Now, now — stop worrying. I’m not leaving this blog just yet: you can’t get rid of me that easily. I know, I know … OK, you can stop crying now … OK, stop it now; you’re getting annoying. NO, STOP.
This week, I spent two days at a school for the blind and visually impaired in my home country of England; for those who are unaware, I am blind and currently attend mainstream (or ‘normal’) school, however post-16, specialist school is an option which I wanted to explore. In all honesty, I’ve never really been onboard with ‘blind school’; I felt that it almost encouraged the stereotypes relating to the needs of the blind, especially that our needs were unmeetable by mainstream establishments. All the same, I decided to visit my favourite of the blind schools, to evaluate its value to me as a developing young adult and hopeful university student at age 18. I took a trip on Wednesday, leaving at 6am (shock horror, I know), and spent two days at the school, with an overnight stay in the student residential block; I would be staying at the school for up to 7 weeks at a time if I were to attend, as it is so far from home.
There were several options for me at blind school, and i’ll briefly outline them both below:
1. i attend blind school for two years (aged 16-18), to complete my A Levels (exams here in the UK), and move on to university, having learnt the skills I need to live independently at university from the blind school.
2. I attend blind school for 1 year at age 18, to learn skills or independent living as a blind person, in preparation for univeristy; I’d stay in my current ‘normal school’ for my A Levels.
Of course, I could just not go at all, which was another option too.
You know when you go somewhere, meet someone or do something for the first time, you desperately try and convince yourself that you’re going in with an ‘open mind’, and you won’t make asumptions etc etc? Yeah, don’t lie — none of us can actually do that. I tried — honestly, I did –; I went in with an ‘open mind’, even thogh I had already decided that I wouldn’t go to blind school at age 16, and that was that. My parents didn’t want me to leave home at 16, and whilst I recognise that their opinion is not automatically my own opinion, I didn’t particularly want to leave everything I know behind me, and start fresh in just under 2 years time. I would love the chance to start fresh, don’t get me wrong; I think I need to at some point, but I really wasn’t sure that 16 was the right time to do that.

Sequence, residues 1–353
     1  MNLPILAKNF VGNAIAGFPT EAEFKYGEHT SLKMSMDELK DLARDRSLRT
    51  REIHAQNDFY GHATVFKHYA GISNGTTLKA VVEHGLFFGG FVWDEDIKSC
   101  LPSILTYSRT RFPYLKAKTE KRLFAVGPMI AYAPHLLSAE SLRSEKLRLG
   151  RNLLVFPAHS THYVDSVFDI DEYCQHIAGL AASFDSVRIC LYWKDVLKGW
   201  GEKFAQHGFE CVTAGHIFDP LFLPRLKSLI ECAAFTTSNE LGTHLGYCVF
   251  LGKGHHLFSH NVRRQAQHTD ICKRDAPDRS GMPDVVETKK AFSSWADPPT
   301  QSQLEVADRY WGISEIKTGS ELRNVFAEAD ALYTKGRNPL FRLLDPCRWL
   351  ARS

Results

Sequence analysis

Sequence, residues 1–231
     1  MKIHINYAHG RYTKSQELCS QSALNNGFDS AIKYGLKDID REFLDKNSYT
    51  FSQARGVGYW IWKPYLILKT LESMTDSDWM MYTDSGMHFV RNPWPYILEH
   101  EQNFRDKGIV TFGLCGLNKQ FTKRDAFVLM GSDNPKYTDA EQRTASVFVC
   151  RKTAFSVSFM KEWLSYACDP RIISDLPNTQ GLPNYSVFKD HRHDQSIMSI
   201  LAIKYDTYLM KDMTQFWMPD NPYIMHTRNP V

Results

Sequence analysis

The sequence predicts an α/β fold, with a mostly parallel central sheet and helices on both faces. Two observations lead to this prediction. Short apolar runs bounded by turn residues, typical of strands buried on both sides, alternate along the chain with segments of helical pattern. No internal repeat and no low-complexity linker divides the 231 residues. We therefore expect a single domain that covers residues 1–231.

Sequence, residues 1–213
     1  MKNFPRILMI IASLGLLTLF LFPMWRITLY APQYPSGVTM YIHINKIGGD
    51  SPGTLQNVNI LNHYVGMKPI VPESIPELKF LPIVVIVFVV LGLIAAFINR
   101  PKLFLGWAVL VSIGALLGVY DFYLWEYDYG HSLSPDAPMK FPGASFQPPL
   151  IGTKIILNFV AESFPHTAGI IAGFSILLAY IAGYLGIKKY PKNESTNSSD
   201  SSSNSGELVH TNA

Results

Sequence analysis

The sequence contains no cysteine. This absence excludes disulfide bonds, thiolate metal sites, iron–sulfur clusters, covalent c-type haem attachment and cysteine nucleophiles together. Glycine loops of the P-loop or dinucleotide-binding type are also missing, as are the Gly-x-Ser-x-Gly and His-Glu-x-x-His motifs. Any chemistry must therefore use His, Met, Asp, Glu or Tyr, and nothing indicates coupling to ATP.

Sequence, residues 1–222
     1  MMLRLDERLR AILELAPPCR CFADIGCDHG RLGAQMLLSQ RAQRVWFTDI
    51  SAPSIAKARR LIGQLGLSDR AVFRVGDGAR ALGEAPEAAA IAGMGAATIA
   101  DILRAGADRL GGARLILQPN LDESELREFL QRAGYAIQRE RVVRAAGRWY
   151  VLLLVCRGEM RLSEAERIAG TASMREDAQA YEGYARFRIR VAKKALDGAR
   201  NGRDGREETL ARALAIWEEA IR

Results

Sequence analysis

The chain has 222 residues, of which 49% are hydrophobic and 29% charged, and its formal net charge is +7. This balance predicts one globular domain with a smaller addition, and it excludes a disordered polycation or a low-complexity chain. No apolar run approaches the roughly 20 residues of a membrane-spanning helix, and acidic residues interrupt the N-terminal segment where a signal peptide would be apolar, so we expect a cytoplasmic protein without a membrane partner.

And then it all changed.
I shadowed some lessons at the school, which basically means I went in and observed/took part in the lessons, to get a feel for how they work. The classes there are much smaller, and the overall size of the school in terms of student intake is significantly smaller to that which I am used to. Staff are addressed by their first names, and the opportunities there for me as a blind individual are incredible, so much more than I was expecting and unbelievably more than I can access here at home. Still, I stayed true to my open-minded pre-judgement: not at 16. This isn’t right for 16. This isn’t right for 16.
why? Because I said so before I even stepped foot in the building.
Wednesday was over, Thursday was to come. On Thursday, I shadowed more academic lessons; Maths and English. Only then did my mind suddenly clear, and left me with one thought: this feels natural. You know when you’re somewhere new, or in a new situation, and you just feel right? It’s like you belong there, and you fit in, and it feels amazingly easy. I could list the advantages of this blind school over mainstream school, but I’d both bore you to death, and spark some controversy in the blind community, so I shall refrain from doing so. All I’ll say is that blind school is the right choice for me as an individual for ages16-18, and so I have decided to go right ahead and apply.
There is no guarantee that I’ll be able to go, although things all look positive: in short, we have to persuade my local counsel to pay for me to go to this school rather than pay for my support in ‘normal school’, but that shouldn’t be a problem due to various factors.
This isn’t going to be an easy time: I’m going to spend the next 2 years trying to get into this school, and the following 2 years away from home, in an unfamiliar environment with unfamiliar people all around me. But, to tell the truth, I’m excited to move on. It’s so great to have stability and familiarity, but I also think it’s beyond important to recognise when change is necessary, when it’s time to move on.
It’s time for me to move on, and I’m going to grab the opportunity with both hands, and see where it can take me.